What is fair behaviour? This week’s tidbits picks out research into fairness.
Not all fairness is created equal
A large body of research demonstrates that employee perceptions of fair treatment matter. The overwhelming focus of these investigations has been on how employees react to whether or not they perceive their supervisor behaved in a fair manner.
The authors contend, however, that employees not only question and react to whether they are treated fairly, but also to why they believe their supervisor acted fairly in the first place. To do so, the authors consider how employee attributions of supervisor motives for fair treatment influence the cognitive and affective mechanisms by which fair treatment influences employee reactions to fairness.
Drawing from the justice actor model, the authors focus on both cognitive (establishing fairness, identity maintenance, and effecting compliance) and affective (positive affect) motives underlying supervisors’ fair treatment. Relying on theory and research on motive attribution and leader affect, the authors develop predictions for how employees’ perceptions of these motives as a result of short-term exchanges over time influence supervisor-directed citizenship behaviour through both cognitive (trust in the supervisor) and affective (positive affect) mechanisms.
The authors’ experience sampling study of 613 weekly fair events (from 171 employees) largely supported their predictions, demonstrating that attribution of supervisor motives is a meaningful component of an employee’s justice experience.
Matta, F. K., Sabey, T. B., Scott, B. A., Lin, S.-H. (J.), & Koopman, J. (2019). Not all fairness is created equal: A study of employee attributions of supervisor justice motives.
Journal of Applied Psychology. Advance online publication.
Is child advertising inherently unfair?
Child advertising is routinely accused of being inherently unfair. This is normally based on the claim that younger children do not understand advertising’s selling intent, a claim that is well supported by the available evidence. But the argumentation that gets us from this claim to inherent unfairness has been largely ignored.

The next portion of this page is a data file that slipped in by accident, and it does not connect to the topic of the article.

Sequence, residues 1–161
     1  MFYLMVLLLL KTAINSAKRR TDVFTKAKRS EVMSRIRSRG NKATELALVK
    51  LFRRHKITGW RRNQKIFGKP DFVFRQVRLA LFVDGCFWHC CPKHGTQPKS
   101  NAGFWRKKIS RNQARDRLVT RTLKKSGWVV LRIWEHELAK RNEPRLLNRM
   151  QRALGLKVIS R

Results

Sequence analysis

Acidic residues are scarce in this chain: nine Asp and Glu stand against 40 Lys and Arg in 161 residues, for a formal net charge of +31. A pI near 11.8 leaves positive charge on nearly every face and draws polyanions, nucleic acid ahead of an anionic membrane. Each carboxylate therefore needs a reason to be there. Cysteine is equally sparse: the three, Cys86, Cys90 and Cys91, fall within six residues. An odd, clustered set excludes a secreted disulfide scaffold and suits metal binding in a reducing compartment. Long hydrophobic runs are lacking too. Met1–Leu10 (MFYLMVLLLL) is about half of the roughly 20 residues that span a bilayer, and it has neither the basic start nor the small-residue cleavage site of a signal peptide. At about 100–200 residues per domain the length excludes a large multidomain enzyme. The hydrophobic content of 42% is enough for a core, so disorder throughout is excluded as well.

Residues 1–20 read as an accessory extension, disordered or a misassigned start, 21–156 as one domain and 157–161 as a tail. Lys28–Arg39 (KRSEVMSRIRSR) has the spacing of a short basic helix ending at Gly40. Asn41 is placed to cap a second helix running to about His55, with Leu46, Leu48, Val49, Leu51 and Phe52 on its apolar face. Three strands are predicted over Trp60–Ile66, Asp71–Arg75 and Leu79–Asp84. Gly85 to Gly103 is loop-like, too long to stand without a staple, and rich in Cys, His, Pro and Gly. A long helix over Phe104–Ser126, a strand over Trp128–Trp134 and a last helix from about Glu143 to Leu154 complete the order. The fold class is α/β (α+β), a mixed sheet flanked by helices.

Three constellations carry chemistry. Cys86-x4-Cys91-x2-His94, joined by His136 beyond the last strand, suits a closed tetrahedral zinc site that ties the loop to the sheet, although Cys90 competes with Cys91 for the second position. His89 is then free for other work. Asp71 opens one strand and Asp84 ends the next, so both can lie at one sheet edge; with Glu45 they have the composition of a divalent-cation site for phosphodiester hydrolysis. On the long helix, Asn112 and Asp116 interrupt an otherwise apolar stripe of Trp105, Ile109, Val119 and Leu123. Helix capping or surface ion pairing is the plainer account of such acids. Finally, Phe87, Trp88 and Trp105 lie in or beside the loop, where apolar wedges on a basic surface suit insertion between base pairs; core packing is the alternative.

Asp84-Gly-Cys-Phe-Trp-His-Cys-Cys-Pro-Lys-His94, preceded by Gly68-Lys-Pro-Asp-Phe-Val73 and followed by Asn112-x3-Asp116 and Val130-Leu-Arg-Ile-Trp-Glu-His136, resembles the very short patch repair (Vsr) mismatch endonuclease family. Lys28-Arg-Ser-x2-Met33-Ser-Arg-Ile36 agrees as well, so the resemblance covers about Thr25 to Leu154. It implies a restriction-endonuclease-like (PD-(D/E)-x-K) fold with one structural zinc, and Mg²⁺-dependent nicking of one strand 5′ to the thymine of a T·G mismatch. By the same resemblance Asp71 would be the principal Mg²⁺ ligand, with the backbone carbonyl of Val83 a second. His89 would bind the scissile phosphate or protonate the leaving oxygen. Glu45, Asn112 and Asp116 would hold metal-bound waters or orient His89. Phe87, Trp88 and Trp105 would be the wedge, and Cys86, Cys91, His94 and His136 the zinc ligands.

This article addresses this gap in the literature by considering two accounts of fairness as candidates for understanding child advertising: the process-exclusive account and the inclusive account. The article argues for the rejection of the process-exclusive account (where the process is all that matters) on the basis that it ends up condemning acceptable, non-commercial persuasion.
The article then examines the candidates for the negative outcome of child advertising that is required for unfairness on the inclusive account. It concludes that the evidence for each being inherent to child advertising is currently insufficient to support the conclusion that child advertising is inherently unfair.
Read this Open Access article online for free
David Rowthorn. 2019. Is Child Advertising Inherently Unfair?
Journal of Business Ethics, 158(3), 603–615.
Are disciplinary actions by State Professional Licensing Boards fair?
This study examines 14,900 disciplinary actions by the professional licensing boards for attorneys, CPAs, and physicians in four states from 2008 through 2014. It was found that both attorneys and physicians are disciplined at a rate at least seven times that of CPAs.
While the majority of disciplinary actions are for misconduct directly related to the professional practice, nearly 14% of sanctions were the result of “social crimes” such as failure to pay child support or student loans, driving under the influence, and general unprofessional conduct. The severity of licensure sanctions varied with the cause for discipline, but was inconsistent both within and between jurisdictions.
These results raise important questions about the purpose and performance of state licensing boards and possible reasons for inequitable treatment. Additionally, the widespread and severe sanctions for conduct not related to the professional practice suggest that moral turpitude clauses may violate both equal protection and prohibitions on excessive fines.